I haven't retired from Tests: de Villiers

Proteas star insists his career in the whites isn't over as he prepares to lead Proteas in Champions Trophy

AB de Villiers insists his Test career is not over, leaving the door open for the South Africa superstar to take on Australia in the longest form of the game early next year.

An elbow injury ruled him out of the Proteas’ Test tour of Australia late last year and while de Villiers returned to limited-overs international cricket in February, he ruled himself out of the March Test series in New Zealand, an absence he has since extended to South Africa’s four-Test tour of England in July-August as well as two Tests against Bangladesh. 

But the 33-year-old says while focusing purely on the shorter forms of the game was the right decision “for this year”, he is adamant he has not retired from Test cricket.

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"I made some important decisions for my life and career in the last year or so in order for me to have the best chance of winning trophies and being part of a successful team," de Villiers said in Hove on Thursday ahead of South Africa's tour opener against Sussex on Friday.

"Physically I realised I’m the best I can be when I’m fresh and looking forward to cricket instead of the other way round and being tired when I’m playing. 

“Spending time with the family has done me the world of good and it is about finding the balance of working hard to win with time away from the game."

However, there is no chance he will change his mind and make himself available for the Tests in England.

"I haven't retired, no. But I'm not going to change my decision. I'll look indecisive."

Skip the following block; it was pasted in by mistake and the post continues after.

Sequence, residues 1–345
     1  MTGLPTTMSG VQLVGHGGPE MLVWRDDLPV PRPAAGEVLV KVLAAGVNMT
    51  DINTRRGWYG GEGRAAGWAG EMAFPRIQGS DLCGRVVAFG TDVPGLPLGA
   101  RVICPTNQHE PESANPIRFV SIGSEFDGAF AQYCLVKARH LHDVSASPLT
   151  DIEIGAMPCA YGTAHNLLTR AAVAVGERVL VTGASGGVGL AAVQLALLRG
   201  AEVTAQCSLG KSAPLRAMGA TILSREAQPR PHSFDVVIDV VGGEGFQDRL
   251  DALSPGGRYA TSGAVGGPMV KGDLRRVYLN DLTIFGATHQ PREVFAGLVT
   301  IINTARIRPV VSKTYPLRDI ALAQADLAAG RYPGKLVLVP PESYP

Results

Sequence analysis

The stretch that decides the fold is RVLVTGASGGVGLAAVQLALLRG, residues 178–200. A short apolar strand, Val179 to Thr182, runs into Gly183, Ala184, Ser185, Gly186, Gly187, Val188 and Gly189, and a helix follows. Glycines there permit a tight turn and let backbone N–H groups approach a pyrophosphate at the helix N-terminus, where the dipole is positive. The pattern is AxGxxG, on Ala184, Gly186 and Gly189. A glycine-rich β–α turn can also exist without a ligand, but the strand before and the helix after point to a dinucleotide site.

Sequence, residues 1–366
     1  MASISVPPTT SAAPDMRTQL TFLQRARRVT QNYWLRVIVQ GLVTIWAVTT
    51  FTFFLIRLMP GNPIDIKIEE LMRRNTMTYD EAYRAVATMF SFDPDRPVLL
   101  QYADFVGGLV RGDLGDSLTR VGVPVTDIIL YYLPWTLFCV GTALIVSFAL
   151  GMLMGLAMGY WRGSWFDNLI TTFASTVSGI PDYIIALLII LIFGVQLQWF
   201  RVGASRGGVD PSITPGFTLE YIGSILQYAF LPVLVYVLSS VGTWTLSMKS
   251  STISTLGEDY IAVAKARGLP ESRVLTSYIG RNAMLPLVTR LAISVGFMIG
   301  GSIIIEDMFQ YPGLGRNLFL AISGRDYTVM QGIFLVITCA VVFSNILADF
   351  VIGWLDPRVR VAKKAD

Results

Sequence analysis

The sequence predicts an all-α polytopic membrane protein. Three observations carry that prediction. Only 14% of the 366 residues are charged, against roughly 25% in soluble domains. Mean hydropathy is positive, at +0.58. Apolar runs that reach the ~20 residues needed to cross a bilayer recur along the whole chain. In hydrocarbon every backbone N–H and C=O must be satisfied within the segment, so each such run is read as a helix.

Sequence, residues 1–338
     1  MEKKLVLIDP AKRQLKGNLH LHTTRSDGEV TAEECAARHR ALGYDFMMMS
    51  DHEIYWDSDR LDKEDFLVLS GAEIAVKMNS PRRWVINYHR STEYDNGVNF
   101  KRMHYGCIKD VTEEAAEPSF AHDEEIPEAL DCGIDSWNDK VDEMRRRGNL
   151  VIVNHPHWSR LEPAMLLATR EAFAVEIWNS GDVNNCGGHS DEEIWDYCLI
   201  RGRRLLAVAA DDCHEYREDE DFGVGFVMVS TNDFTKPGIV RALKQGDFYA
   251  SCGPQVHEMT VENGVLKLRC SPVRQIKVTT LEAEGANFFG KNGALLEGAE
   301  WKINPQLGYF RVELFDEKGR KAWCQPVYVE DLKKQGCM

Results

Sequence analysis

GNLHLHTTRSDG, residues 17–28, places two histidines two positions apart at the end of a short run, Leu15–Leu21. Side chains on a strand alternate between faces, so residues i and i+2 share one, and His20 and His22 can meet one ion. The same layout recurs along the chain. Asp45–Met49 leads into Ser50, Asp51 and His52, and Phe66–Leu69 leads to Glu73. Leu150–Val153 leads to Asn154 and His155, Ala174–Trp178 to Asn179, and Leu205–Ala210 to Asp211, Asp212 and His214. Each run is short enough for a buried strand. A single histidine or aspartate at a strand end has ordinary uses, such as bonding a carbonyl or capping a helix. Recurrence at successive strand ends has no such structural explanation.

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Australia are set to tour South Africa for four Tests in Durban, Port Elizabeth, Cape Town and Johannesburg in February and March, 2018, while the Proteas are also slated to host India during their home 2017-18 summer.

De Villiers is preparing to captain South Africa in a three-match one-day international series against England that will serve as a warm-up ahead of June’s Champions Trophy tournament in England.

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South Africa are currently top of the International Cricket Council's ODI rankings but will be facing an England side who have lost only one series at home, a 3-2 defeat by world champions Australia, since their embarrassing first-round exit at the 2015 World Cup. 

"I remember thinking in 2015 they had hit rock bottom," said de Villiers. 

"The way they came back from that earned a lot of respect around the world."

South Africa, like England yet to win the World Cup, suffered fresh heartbreak in 2015 after losing to co-hosts New Zealand in a thrilling semi-final.

"I haven't won one of these trophies in my career, so I'm pretty desperate to win one, and we'll do anything we can to get out on top.

"We know these tournaments are very competitive – there are eight teams that want to win it and can win it but we do think we've got a very good squad here. I've got a good feeling about this one. 

"But first things first, we want to win the series against England." 

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Having joined the Proteas squad after a stint with Royal Challengers Bangalore in the Indian Premier League, de Villiers is well aware of the danger posed by England star Ben Stokes, believing the allrounder has taken his game to the "next level" during the Indian Twenty20 tournament.

Stokes struck a maiden Twenty20 century while playing for the Rising Pune Supergiants in the Twenty20 IPL and also took 12 wickets during the tournament.

"Stokes is a fantastic cricketer, with both bat and ball.

"He's definitely got something special about him.

"A lot of guys lose their way in the IPL, and others find the next level in their game. Ben Stokes definitely lifted his game and I think it would have done him the world of good.”

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